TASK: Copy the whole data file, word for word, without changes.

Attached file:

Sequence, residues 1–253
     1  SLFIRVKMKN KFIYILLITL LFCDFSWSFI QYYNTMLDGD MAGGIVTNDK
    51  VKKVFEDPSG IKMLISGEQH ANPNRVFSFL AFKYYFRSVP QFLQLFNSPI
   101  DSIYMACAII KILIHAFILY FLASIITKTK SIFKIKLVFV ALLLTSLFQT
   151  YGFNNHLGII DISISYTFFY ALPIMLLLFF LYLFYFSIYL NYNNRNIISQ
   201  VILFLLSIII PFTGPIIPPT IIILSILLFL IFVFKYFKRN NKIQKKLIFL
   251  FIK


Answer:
Sequence, residues 1–253
     1  SLFIRVKMKN KFIYILLITL LFCDFSWSFI QYYNTMLDGD MAGGIVTNDK
    51  VKKVFEDPSG IKMLISGEQH ANPNRVFSFL AFKYYFRSVP QFLQLFNSPI
   101  DSIYMACAII KILIHAFILY FLASIITKTK SIFKIKLVFV ALLLTSLFQT
   151  YGFNNHLGII DISISYTFFY ALPIMLLLFF LYLFYFSIYL NYNNRNIISQ
   201  VILFLLSIII PFTGPIIPPT IIILSILLFL IFVFKYFKRN NKIQKKLIFL
   251  FIK